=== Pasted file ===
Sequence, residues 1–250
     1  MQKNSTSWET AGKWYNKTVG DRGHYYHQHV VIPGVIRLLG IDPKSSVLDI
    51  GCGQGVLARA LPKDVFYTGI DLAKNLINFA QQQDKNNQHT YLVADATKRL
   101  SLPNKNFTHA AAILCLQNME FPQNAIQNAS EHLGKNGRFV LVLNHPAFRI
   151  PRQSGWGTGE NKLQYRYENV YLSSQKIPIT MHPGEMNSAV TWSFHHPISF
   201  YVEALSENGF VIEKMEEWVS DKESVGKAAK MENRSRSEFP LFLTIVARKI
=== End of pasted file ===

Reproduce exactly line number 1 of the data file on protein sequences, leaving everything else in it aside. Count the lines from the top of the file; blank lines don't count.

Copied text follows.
Sequence, residues 1–250